Design for Loss of Control is an Evolutionary Question

We just published a few thoughts about the design for loss of control on Design Mind.

We’re joining a conversation JP Rangaswami started on his blog Confused of Calcutta in 2006. Last August, Tim Leberecht broadened the discussion to include the design world, and pointed to a number of early efforts at achieving the design for loss of control.

Maybe you’ve heard of the design for loss of control? It’s a philosophy and an approach that recognizes the impossibility of controlling circumstances in today’s world of near-constant disruption, a world characterized by power laws rather than normal probability distributions, a world in which power is shifting from centralized hierarchies to distributed networks of individuals.

Design for loss of control recognizes the center cannot and does not hold. It seeks the forms, institutions, practices, beliefs, dispositions, and leadership styles that will help humans thrive in the face of species-imperiling crises. Since nobody yet knows what this exact design might look like, the endeavor is both exciting and unsettling. We’re leaping into the unknown.

Some companies and design firms have made early efforts to achieve a design for loss of control. These include open ideation/crowdsourcing (openIDEO); open strategy (NPR and its Think-In on the future of digital media); open branding (Continuum’s Transparent Design Project); and open- (source) social networks (Lockheed Martin’s Eureka Streams). These efforts are directionally promising and possibly successful on their own terms. But a deeper look leaves a dissatisfying taste. Most if not all of them appear to jettison one type of control only to re-impose a subtler, more insidious form in its place, as we describe in our piece on design mind.

That’s similar to the risk today’s street protesters in Egypt, Tunisia, and Libya are running, albeit with their lives more directly on the line: the risk of overthrowing one kind of tyranny only to fall prey to another.

All of which puts us in mind of Einstein’s famous declaration that no problem can be solved from the same level of consciousness that created it. Perhaps we’re all prisoner of a paradigm that’s so controlling we can’t conceive of anything but control—even as we try to face up to circumstances increasingly beyond controlling.

Unfortunately, time is short.  There’s a growing consensus that we need a radical rethink of society, politics, business, and the environment—and of the institutions that dominate those domains. That means evolving beyond where we are today, individually and collectively. When we talk about design for loss of control, that’s what we’re really talking about, isn’t it: taking an evolutionary step forward. But how? Is there a tested and replicable process? How do we create an entirely new field of possibility for ourselves as leaders and designers? As a species?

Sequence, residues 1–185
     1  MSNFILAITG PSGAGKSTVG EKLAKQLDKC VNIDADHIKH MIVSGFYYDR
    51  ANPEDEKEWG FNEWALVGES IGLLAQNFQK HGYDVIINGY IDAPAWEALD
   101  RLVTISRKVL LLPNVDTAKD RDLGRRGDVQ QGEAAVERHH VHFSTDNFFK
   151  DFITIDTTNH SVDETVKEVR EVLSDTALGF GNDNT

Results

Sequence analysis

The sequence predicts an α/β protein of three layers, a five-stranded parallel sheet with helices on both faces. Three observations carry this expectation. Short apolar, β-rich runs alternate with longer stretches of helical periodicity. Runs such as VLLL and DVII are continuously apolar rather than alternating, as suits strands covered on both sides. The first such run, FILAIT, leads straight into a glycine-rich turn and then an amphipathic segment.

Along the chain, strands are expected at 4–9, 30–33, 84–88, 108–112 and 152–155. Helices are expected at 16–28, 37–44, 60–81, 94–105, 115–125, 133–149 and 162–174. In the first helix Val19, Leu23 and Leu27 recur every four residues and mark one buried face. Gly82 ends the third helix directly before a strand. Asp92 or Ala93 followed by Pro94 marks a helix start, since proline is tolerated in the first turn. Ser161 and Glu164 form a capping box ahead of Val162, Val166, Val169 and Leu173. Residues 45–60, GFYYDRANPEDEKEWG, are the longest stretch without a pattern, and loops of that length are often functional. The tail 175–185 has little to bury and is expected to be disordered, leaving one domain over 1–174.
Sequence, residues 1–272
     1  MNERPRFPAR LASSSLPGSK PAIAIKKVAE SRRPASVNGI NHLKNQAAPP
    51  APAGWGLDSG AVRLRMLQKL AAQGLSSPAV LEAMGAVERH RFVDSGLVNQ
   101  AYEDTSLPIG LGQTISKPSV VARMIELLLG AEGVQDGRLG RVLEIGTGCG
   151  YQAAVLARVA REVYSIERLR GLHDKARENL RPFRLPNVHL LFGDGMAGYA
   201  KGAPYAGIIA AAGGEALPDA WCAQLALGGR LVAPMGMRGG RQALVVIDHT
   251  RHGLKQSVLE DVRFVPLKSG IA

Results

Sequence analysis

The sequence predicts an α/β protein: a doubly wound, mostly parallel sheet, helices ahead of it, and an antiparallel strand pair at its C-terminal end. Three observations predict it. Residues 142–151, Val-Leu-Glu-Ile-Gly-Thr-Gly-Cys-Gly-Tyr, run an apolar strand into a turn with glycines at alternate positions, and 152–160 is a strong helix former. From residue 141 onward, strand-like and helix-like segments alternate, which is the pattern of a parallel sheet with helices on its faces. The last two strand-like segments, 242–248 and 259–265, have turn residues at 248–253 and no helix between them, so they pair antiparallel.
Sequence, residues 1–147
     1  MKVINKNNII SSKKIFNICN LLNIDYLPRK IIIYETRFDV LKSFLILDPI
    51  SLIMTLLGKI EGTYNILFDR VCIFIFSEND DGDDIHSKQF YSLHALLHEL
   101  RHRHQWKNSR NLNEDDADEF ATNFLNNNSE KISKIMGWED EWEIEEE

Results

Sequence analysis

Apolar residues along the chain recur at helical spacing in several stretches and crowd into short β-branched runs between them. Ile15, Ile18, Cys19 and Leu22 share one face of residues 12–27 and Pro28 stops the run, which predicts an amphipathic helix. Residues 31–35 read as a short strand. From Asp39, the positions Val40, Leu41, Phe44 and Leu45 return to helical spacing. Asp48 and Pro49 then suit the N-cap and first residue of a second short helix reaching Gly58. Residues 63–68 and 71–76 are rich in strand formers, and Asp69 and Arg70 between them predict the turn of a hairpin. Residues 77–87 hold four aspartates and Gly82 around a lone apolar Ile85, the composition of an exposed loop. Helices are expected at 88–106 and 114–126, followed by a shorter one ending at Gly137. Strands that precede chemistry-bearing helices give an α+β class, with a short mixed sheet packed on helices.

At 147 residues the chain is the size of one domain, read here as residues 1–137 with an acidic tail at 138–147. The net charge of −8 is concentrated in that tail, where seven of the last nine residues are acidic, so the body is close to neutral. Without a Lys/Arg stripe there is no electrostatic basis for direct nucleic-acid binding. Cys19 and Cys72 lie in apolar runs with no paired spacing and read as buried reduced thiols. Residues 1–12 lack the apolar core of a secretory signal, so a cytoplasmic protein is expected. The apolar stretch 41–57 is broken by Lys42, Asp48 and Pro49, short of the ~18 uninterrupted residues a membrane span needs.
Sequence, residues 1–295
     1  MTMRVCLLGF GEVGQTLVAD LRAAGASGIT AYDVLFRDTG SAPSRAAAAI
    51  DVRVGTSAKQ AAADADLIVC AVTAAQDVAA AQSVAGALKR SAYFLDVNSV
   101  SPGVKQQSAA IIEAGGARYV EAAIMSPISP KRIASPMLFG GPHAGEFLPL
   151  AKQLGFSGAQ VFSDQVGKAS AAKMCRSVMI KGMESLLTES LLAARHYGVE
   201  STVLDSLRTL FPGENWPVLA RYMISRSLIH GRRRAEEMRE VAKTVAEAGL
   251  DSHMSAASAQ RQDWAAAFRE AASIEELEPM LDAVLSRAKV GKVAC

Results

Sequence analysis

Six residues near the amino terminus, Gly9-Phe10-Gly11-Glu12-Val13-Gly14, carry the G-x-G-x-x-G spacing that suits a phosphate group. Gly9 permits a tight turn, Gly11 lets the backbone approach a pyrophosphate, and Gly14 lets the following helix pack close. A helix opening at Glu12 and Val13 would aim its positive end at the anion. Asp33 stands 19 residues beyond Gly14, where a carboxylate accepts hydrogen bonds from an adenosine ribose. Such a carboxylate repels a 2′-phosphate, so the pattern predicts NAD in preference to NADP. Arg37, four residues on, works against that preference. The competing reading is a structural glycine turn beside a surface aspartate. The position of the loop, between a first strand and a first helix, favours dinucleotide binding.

We propose examining the matter through two lenses: biological and historical.

We know that evolution in human beings and in all animals happens in their  neurophysiology—in the core circuitry of the mind and body. Just as a more robust circuit board and wiring network allows a building or machine to handle greater loads of power, so does a more vigorous, higher-capacity nervous system allow humans to engage and integrate informational complexity at higher levels. As they do, they evolve. And that’s the biological point: evolution requires increasing the capacity of our nervous systems.

Meanwhile, as we look towards the past and examine our shared historical and mythical inheritance, we discover a skillful means that trains us exactly how to up-level the capacity of our nervous system so that we can build more power in the face of complexity, dissonance, and conflict.

This process is called the descent. And that’s the historical point: the heroes and heroines of history and legend descended (Greek: katabasis) to find their way during times of transition, uncertainty, and danger. Although the descent is steeped in mystery there are concrete ways to engage it, including a core discipline drawn from the Chinese fighting arts called zhan zhuang, or standing practice, which (along with related practices and disciplines) both initiates and supports the process of descending. As we descend we come face to face with our interior selves, and build a bridge from the interior world to the exterior. We re-design ourselves for evolutionary process. It’s a journey towards knowledge and understanding that is the sheer opposite of the way most of us were trained to be successful in the world. It’s human design .

During the last two decades of our work and research, we have come to understand the power of the descent to teach and disclose the bedrock tools, skills, and practices fundamental to the process of evolution. Our mission is to retrieve the descent from the edges and margins of human culture in order to irrevocably transform the center. The time is now. And the means are at hand.